September 30, 2007

by Cpl. Kamran Sadaghiani (31st Marine Expeditionary Unit)
OKINAWA, JAPAN – The Marine hits the ground, stares at the hot sun, and waits for a moment before sitting up. The instructor calls out, “Alright, your turn! Execute a hip throw!” With a devilish smile, the Marine thinks payback.

Groans and occasional smiles flourished as approximately 20 Marines and sailors from Weapons Company, Battalion Landing Team, 2nd Battalion, 1st Marine Regiment, 31st Marine Expeditionary Unit, honed their martial arts skills and warrior ethos during a Marine Corps, Martial Arts Program course at Camp Hansen here, August 3 to September 22.

The course trained the leathernecks to qualify for their green belt, the third belt in the Corps’ five-belt martial arts system.

Staff Sgt. Ronald Sampson, a Combined Anti-Armor Platoon section leader with Weapons Co., who led the course, explained that their goal was to have the company qualify for green belt before the Dec. 31, 2008 deadline set by the Commandant of the Marine Corps Gen. James T. Conway.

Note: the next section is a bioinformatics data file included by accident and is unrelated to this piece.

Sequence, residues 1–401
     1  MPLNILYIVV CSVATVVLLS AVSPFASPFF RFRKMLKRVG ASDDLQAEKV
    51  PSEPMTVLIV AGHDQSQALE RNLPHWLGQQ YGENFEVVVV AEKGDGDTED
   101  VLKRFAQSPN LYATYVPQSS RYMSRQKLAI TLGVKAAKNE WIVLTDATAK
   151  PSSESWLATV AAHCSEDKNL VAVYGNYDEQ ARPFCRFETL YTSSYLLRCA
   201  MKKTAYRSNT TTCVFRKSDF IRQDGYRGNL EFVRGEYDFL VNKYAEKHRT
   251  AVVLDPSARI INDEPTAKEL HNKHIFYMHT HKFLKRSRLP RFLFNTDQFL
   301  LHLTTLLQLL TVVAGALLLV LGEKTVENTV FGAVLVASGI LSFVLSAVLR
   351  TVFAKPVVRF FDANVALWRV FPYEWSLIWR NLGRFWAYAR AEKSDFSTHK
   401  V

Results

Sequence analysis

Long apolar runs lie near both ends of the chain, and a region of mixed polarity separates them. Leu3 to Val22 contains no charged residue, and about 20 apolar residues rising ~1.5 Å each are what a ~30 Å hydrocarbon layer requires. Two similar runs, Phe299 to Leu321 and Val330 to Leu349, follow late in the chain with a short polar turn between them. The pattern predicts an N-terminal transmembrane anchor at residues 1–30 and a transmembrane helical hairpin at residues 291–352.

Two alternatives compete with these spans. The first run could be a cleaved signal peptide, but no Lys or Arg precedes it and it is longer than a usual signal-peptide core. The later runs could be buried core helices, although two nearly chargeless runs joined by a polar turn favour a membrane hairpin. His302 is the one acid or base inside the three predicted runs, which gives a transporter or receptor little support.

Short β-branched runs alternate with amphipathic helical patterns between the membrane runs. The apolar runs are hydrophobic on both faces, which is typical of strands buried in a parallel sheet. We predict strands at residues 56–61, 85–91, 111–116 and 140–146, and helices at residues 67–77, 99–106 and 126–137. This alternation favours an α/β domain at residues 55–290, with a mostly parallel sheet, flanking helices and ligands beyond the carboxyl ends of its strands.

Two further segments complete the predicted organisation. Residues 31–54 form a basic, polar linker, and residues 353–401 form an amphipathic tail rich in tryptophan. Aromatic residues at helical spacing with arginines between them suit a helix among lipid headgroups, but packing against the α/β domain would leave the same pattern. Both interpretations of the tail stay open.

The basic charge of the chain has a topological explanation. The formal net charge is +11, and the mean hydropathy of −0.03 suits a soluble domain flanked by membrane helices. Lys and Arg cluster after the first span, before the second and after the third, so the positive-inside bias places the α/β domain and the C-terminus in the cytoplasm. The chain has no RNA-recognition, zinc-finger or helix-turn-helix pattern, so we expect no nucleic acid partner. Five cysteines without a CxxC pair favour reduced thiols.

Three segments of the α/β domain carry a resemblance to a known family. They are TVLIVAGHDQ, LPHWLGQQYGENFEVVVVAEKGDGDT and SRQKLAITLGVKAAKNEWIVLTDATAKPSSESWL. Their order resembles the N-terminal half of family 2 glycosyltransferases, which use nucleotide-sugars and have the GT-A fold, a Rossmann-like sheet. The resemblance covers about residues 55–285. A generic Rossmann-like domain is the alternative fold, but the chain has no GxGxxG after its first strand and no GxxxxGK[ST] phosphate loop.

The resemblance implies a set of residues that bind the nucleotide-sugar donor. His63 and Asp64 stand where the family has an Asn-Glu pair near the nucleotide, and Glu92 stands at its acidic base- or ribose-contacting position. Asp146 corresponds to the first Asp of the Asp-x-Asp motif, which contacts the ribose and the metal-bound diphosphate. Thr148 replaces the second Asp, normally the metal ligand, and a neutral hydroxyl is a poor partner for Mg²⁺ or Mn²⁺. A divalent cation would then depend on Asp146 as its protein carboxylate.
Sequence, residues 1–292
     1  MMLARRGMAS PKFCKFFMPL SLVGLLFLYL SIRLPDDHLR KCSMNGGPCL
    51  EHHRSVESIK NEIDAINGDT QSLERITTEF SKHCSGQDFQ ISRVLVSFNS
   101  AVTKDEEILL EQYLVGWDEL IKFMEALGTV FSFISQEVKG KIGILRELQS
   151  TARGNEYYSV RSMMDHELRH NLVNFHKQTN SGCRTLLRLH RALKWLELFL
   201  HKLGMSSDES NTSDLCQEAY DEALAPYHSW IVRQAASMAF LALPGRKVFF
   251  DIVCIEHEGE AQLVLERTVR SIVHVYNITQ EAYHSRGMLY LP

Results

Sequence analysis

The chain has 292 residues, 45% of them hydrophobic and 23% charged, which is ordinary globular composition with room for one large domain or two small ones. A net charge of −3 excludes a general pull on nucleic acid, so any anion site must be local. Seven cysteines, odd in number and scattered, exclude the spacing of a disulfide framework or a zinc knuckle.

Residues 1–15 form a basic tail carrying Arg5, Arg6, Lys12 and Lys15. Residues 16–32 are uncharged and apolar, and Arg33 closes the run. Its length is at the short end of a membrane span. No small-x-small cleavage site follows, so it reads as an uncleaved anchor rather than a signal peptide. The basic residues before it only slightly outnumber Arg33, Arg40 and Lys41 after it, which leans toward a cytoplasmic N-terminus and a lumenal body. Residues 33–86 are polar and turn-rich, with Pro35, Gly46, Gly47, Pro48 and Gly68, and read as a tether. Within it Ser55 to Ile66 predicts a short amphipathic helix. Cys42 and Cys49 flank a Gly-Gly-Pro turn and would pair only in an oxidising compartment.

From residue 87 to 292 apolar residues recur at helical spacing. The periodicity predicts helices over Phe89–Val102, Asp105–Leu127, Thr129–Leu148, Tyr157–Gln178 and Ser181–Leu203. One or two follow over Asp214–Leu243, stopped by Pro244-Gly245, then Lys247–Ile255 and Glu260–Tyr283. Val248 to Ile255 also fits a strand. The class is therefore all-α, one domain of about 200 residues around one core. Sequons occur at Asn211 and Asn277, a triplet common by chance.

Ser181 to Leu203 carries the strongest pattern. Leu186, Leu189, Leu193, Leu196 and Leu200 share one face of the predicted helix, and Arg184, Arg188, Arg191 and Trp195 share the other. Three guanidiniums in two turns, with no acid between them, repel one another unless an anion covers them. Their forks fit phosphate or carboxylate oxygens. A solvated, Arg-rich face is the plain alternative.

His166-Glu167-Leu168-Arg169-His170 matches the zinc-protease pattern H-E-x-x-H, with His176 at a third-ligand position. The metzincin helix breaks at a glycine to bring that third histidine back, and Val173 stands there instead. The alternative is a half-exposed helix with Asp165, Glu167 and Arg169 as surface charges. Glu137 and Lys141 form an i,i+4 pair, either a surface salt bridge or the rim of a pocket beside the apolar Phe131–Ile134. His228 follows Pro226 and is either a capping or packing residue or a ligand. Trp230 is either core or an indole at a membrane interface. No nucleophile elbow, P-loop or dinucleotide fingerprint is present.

However, Marines and sailors of Weapons Co. view the training as something more important than meeting a deadline.

“It builds the fighting spirit,” said Cpl. John Cunningham, a machine gunner with Weapons Co. “It gets everyone in a combat mindset.”

The seven-week course combines existing and new hand-to-hand and close combat techniques, with morale and team-building functions in what the Marine Corps calls the “Warrior Ethos.” Some of the techniques the war-fighters trained on were unarmed combat, edged weapons, weapons of opportunity and rifle and bayonet maneuvers.

As war-fighters who are accustomed to engaging the enemy with heavy firepower, the MCMAP training made for an addition to their typical training, explained Sampson. The students would participate in the course around their daily schedule.

“It’s a fun way of doing (MCMAP), getting out there and sparring each other. Everyone wants to get out there and do it. As someone who has no background in martial arts, this is pretty interesting and a great learning experience,” said Cunningham, a native of El Segundo, Calif.

Meanwhile, Sampson agreed that this training is important because it continues to build the Marines’ morale, motivation and endurance while they are not in an operational environment.

Although a significant portion of the course covers martial arts techniques, the training also focuses on developing the mental, physical and character simultaneously, Sampson explained.